Lesson 1 of6
In Progress

Summary of 2 Peter

rev. by Matthew L. Skinner (03/2023)


An early Christian teacher turns his attention to what he views as alarming trends in the church: skepticism over the return of Christ, moral laxity, divisiveness, claims of unique spiritual insight, and denial of the final judgment. The tenor of the letter is at the same time tenacious in its colorful use of rhetoric and relentlessly pastoral in its single-minded concern for its understanding of what ensures the well-being and authenticity of the church and its witness.


Our reading of history reminds us of the strains and stress points that invariably appear when changes are afoot in the life of the church, changes that may show themselves in doctrinal controversies, political upheavals, realignments in ecclesiastical authority, and so on. This letter can be meaningfully read as a testament to one of the earliest of these shifts. Even if we accept that 2 Peter is not from the hand of the Apostle Peter, it consciously aligns itself with the spirit of that apostle and the things that he and his admirers cared about most. In vivid and at times even alarming ways, it takes us inside an environment where the foundations are being challenged, even shaken, and where the pastor’s challenge is to remain uncompromising on truth and doctrine while striving for grace and compassion in ethics and lifestyle.


The Second Letter of Peter is the 22nd book in the New Testament. It is situated among the books typically referred to as the “Catholic Letters” (James through Jude).


Arguments based on genre, language and style, and doctrinal concerns prompt a majority of scholars to conclude that an unknown author wrote this book more than a generation after the Apostle Peter’s death. Others contend that Peter wrote it or that someone else wrote it during Peter’s lifetime.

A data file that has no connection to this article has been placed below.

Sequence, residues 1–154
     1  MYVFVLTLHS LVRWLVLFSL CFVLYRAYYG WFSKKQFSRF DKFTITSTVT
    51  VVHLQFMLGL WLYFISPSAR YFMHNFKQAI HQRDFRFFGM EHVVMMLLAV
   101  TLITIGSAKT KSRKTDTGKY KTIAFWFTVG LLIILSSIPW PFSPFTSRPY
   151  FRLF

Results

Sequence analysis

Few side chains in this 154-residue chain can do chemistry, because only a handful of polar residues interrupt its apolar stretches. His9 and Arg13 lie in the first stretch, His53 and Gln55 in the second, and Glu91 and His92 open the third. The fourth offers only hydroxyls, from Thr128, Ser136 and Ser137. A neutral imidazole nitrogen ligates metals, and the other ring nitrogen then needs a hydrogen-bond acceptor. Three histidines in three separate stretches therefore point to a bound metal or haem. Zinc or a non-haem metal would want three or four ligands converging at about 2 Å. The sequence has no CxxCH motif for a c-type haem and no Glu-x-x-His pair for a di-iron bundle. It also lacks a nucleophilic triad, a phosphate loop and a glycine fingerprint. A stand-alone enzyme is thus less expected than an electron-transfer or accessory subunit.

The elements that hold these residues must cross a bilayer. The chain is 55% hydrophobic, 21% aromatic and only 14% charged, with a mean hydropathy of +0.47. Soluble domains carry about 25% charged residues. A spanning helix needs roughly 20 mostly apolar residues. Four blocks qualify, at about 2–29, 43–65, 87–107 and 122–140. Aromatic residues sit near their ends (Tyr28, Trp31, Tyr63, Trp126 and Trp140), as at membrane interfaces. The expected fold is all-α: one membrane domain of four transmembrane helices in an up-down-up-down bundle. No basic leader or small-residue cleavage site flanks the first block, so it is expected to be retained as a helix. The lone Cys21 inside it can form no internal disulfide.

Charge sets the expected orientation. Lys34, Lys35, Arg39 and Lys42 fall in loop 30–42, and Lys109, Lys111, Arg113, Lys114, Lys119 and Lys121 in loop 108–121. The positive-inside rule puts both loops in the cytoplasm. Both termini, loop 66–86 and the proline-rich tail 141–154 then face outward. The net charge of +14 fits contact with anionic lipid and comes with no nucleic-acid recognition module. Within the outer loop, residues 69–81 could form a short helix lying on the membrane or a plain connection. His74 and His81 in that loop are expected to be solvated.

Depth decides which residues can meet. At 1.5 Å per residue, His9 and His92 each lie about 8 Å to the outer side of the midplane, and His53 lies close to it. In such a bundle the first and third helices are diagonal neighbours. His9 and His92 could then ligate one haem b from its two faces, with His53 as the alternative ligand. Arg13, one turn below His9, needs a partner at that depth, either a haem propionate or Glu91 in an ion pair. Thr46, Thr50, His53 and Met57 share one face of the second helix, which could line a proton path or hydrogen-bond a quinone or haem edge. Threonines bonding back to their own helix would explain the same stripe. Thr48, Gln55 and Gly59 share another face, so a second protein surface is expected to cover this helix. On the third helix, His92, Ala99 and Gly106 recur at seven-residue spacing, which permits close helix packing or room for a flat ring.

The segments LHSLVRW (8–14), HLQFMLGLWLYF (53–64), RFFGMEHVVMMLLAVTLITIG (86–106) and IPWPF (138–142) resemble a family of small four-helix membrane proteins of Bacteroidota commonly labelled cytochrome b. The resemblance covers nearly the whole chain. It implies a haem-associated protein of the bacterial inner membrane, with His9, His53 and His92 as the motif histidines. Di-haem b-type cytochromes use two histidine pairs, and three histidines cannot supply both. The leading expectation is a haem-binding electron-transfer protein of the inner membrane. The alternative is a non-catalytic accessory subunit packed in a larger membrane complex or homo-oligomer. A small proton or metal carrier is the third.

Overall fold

The belief that the letter’s teachings reflect a setting after the destruction of Jerusalem in 70 C.E. and a context in which the original apostles had all died leads many scholars to suggest a date between 80 C.E. and 90 C.E. Some scholars observe the vocabulary and rhetoric of the letter and conclude that a much later date is more likely, around the year 120 C.E. Of all the writings in the New Testament, 2 Peter is probably the latest one composed.


As the early church seeks to regroup in the aftermath of the death of the last of the apostles, a teacher in the lineage of Peter brings words of warning: stay close to the apostolic teaching, do not be shaken from hope in Christ’s return, and live in compassion and integrity.


Scholars are not in complete agreement concerning what combination of “epistle” and “testament” this book represents. Perhaps it does not fit neatly into either category. As a letter, the book conveys something of the personal and heartfelt nature of pastoral correspondence. As a testament, it captures the author’s resolve to keep the life and health of the church aligned closely to the teaching of its founder, the Apostle Peter.